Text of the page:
Friday, 10 December 2010

Jekyll and Hyde

The Strange case of Dr. Jekyll and Mr. Hyde was a novel written by George Louis Stevenson and published in 1866. It tells the story of a friend of the main protagonist who suffered from split personality. Like Dr. Jekyll and Mr. Hyde, the Drake Passage had a split personality today. In the morning we enjoyed the gentle side of the Drake Passage with light breezes and smooth seas. The sun shone as well which added to the soft feeling of the crossing. Albatrosses and petrels of various sorts followed the ship and flew to one side or the other, gaining advantage in the lee of the wind.

Then, as the day progressed, the winds picked up and by the time mid-afternoon arrived we had 25m/s or 50 knot winds and high waves. Dr. Jekyll had transformed into Mr. Hyde! Later, as we approached the South Shetland Islands, the wind and waves calmed down but we were left in no doubt about the nasty side of the Drake.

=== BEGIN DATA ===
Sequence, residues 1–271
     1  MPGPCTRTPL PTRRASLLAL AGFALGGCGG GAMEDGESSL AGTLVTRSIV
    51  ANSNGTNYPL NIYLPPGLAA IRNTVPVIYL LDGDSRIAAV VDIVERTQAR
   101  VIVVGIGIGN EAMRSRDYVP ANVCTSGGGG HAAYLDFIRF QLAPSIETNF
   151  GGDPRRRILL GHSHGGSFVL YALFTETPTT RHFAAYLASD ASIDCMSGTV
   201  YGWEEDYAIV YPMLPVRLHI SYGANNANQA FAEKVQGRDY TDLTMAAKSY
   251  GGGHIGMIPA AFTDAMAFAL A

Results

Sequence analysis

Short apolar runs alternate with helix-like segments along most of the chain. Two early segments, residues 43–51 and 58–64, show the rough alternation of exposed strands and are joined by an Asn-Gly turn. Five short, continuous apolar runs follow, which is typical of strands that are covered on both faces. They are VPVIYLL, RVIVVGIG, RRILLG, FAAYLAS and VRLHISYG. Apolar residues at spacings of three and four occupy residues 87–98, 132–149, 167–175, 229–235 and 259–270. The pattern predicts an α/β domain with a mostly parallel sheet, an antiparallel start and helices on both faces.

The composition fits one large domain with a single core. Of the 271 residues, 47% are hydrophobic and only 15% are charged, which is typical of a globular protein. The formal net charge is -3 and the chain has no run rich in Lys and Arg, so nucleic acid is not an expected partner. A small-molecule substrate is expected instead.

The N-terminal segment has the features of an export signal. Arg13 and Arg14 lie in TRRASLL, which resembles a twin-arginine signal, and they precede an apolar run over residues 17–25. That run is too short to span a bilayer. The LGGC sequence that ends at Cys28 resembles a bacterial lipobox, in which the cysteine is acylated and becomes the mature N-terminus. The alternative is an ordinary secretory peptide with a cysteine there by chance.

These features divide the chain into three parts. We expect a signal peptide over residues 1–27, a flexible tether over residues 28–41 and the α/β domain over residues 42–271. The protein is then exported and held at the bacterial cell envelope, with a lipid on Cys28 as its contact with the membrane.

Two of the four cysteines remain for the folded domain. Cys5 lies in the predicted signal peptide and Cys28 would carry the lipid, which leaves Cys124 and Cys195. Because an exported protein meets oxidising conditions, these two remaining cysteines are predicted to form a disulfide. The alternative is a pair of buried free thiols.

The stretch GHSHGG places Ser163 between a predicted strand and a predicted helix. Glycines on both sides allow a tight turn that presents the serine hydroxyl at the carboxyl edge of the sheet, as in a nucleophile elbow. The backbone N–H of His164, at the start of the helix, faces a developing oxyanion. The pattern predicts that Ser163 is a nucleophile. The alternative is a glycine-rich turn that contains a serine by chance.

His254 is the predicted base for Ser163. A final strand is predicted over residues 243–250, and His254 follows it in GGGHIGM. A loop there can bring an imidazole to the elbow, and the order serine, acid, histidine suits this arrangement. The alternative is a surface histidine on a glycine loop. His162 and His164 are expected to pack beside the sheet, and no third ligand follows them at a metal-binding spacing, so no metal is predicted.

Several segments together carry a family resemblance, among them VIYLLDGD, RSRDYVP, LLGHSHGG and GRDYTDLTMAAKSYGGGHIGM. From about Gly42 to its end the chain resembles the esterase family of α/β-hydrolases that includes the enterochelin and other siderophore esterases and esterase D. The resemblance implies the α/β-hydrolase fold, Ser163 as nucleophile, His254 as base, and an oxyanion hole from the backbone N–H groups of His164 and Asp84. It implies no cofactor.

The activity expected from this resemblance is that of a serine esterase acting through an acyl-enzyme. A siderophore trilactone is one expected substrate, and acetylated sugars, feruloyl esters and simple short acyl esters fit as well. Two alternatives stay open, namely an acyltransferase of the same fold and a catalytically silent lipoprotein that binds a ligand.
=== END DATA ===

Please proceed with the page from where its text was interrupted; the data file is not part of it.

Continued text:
This morning we crossed the Polar Front, that is, we are within the cold waters surrounding Antarctica and south of the Antarctic Circumpolar Current – i.e., we ARE in Antarctica! And after attending the mandatory IAATO briefings, our passengers are able, and very eagerly looking forward, to landing in this fabulous continent.

Although we have not been buffeted by high winds, we have all day long been exposed to a light breeze, which is nice because it has brought birds with it. This day we were accompanied by 5 elegant and graceful light-mantled sooty albatrosses, which followed the vessel for a couple of hours – and allowed photographers to give it a try to capture that most difficult and elusive beast: the bird in flight. Here are some of the shots we managed to get.